In the last quarter of the 20th century, consumers and a few farmers starting demanding what they considered a better way of producing food and fiber. They looked at the high-tech agricultural methods of most farmers and saw devastating effects on the environment and human health. Pesticides were one of the main culprits.
“Pesticides, by their very nature, kill things,” says one anti-pesticide lobbying group, Beyond Pesticides. “Besides killing non-target organisms, many of these synthetic pesticides have deleterious effects on long-term species survival because they impair their reproductive abilities. Endocrine disrupting pesticides affect the hormonal balance of wildlife and humans, often at very low doses.”
As early as the 1940s, some farmers and advocates were experimenting with ways to grow crops without synthetic pesticides or fertilizers. By the 80s, consumers were driving more and more farmers into organic practices to meet the growing demand, but there were more than 40 private organizations and state agencies claiming to “certify” certain foods as “organically grown.” Their standards differed, so consumers weren’t getting what they were paying 40 to 200 percent more in retail prices for.
So, in the late 80s, consumer and producers asked Congress to step in. The Organic Foods Production Act of 1990 directed the Secretary of Agriculture to set up a National List of Allowed and Prohibited Substances that can or can not be used if the produce is to be certified “organic.” Today that list is 16 pages long with overarching categories of substances banned or approved.
In general, and as one might expect, organic farming does not allow for the use of any synthetic pesticides or synthetically produced fertilizers. These are the very substances that high-tech, 20th century agriculture has relied on to increase yields.
Yet, organic farmers still need to control weeds and pests – at least to an extent. Dave Vetter is a large organic grower and processor north of Aurora, Nebraska, and he can tolerate a lot more weeds than his neighbors. “A few weeds don’t hurt anything,” Dave says. “Actually, you can have quite a few, and they have very little impact on your crop. We don’t need to have fields with just soybeans or just corn in it… We’re looking at cropping sequence to manage insect pressures at certain stages of crop growth.”
Ironically, there are some synthetic substances that are allowed in organic crop production.
Controlling weeds is the second priority for most farmers after supplying enough nutrients. As Dave Vetter talked about, many organic growers have developed strict crop rotation systems that keep weed populations from establishing themselves from year to year. Other growers have gone back to hand weeding – or “roughing,” as farmers in central Nebraska call it. Others mulch between their crops with newspapers, recycled paper, crop residues or even clear plastic during the hot days of summer. Others use natural pre-emergent herbicides, garlic, clove oil, borax, soaps, pelargonic acid, vinegar or even controlled flame throwers to knock down weeds.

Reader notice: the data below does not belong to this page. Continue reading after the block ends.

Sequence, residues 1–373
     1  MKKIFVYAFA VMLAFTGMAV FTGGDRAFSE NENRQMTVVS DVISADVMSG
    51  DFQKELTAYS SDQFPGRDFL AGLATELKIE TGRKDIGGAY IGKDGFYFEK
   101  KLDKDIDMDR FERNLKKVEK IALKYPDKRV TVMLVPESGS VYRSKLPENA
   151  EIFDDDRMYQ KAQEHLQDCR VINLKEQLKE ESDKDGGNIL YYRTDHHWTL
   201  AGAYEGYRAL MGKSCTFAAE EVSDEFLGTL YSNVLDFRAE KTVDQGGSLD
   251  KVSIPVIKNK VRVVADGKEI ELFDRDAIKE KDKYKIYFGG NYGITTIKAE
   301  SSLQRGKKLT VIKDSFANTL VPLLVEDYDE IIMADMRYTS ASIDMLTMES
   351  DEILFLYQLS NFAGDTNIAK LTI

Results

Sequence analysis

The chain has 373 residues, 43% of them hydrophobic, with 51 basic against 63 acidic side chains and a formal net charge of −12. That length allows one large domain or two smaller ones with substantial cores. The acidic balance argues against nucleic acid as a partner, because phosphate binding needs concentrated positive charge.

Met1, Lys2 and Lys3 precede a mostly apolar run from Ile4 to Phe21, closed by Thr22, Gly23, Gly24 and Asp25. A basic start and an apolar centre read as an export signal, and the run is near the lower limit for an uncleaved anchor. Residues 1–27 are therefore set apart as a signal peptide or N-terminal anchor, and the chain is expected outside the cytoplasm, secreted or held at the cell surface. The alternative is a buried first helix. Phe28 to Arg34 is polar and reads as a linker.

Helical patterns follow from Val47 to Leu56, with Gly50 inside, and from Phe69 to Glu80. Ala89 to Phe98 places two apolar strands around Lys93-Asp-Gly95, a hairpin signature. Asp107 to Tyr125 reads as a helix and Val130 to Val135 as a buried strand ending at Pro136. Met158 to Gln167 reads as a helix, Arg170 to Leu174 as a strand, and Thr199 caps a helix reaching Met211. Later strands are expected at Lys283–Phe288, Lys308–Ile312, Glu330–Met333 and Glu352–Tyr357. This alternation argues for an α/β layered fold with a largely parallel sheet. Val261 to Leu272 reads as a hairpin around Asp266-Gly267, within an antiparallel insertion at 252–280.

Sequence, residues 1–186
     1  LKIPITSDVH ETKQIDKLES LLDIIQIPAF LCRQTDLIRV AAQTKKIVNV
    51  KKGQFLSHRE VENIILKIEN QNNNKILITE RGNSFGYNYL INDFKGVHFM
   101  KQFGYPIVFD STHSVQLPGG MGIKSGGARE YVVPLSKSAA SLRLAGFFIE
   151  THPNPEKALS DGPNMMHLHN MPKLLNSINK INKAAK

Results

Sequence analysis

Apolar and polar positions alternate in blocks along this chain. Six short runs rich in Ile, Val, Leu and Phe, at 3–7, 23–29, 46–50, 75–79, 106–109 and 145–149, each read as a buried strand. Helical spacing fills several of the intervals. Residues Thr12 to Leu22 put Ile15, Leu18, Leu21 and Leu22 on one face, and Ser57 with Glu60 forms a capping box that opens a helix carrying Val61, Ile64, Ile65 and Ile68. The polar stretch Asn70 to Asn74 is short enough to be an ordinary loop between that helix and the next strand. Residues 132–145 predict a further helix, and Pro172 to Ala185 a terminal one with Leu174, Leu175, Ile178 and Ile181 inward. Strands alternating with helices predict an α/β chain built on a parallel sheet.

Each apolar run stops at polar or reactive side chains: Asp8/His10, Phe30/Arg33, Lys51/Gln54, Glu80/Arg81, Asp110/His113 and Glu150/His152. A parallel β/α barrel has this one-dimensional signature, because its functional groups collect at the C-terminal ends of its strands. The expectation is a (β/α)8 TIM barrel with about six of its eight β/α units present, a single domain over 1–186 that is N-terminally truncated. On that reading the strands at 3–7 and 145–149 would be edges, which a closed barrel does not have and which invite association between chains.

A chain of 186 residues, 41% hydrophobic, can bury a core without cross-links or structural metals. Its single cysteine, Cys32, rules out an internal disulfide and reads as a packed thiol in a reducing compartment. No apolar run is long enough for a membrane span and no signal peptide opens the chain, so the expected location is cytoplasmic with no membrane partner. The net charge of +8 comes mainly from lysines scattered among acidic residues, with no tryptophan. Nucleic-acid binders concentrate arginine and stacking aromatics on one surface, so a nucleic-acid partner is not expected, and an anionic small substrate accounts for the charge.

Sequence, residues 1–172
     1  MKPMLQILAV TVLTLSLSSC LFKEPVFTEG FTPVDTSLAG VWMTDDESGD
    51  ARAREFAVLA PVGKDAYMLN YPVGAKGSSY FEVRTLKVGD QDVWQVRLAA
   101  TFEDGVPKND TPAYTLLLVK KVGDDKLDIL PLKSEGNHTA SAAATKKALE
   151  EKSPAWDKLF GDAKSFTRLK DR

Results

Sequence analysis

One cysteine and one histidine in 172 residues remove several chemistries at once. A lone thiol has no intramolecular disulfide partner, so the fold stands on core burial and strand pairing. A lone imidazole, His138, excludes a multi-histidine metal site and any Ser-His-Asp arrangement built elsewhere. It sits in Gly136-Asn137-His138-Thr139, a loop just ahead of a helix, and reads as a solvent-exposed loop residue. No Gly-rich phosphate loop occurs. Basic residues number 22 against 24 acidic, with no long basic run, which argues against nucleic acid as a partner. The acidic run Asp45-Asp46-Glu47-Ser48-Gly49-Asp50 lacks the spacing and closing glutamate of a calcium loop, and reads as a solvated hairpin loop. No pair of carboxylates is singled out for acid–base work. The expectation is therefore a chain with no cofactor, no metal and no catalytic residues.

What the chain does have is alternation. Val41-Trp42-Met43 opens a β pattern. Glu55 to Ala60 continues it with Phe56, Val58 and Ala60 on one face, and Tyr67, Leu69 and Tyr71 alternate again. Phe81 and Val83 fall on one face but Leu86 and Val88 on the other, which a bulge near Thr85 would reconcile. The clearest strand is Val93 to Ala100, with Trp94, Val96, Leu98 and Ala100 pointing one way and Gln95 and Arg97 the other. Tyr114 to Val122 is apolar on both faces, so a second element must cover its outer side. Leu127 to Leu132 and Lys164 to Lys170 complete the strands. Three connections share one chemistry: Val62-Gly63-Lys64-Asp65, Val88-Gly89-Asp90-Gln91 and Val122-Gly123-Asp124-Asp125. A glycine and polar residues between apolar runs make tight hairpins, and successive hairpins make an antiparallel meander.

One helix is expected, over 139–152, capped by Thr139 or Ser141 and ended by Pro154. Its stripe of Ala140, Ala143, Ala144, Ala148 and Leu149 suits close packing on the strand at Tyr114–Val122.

Controlling insects is more difficult, but one solution is to simply ignore much of the damage they might do – plants can generally survive the loss of up to a third of their leaf area before suffering consequences.
To put it another way, some organic consumers agree with the Joni Mitchell lyrics from “Big Yellow Taxi” –
Hey, farmer, farmer put away that DDT, now!
Give me spots on my apples,
But leave me the birds and the bees, please!
But there are naturally occurring insecticides that have been approved for organic farming. The most famous are compounds harvested from the Bt bacterium and from the Chrysanthemum flower.
The Chrysanthemum produces a natural insecticide known as pyrethrum. The compound is effective against a variety of insects and some manufacturers have formulated a synthetic version known as permethrin. Some organic gardeners will plant Chrysanthemum flowers close to crops like broccoli to naturally repel insects like aphids, leafhoppers, spider mites, ticks, pickleworms and cabbage worms.
There are several species of Bt bacteria that manufacture their own insecticides, and these have been used in organic farming for decades. Several Bt species will be naturally toxic to a single species of insect, so these insecticides are highly selective. The bacteria have also supplied genetic engineers with the genes for Bt crop varieties.
Even though there are natural pesticides that are allowed for organic farming, most farmers don’t use them. One study found that less than 10 percent of organic growers used permitted pesticides regularly.
Most organic farmers want to become the next Takao Furuno. Takao is a Japanese rice farmer who spent 20 years weeding his rice paddies by hand. He was getting older and more tired. He came across references to old organic farming techniques of raising ducklings alongside the rice, and he tried it. The results surprised him. The birds ate the weeds and pests he’d worked so hard to eliminate all those years. Their droppings nourished the rice, raising yields. Plus he had the ducks to sell, as well. So he tried other organic techniques like adding fish to the flooded fields.
Mr. Furuno became a hero to the organic agriculture movement when he wrote a book, The Power of Duck. It’s now been translated into several languages, and his techniques have been replicated or adapted around the world.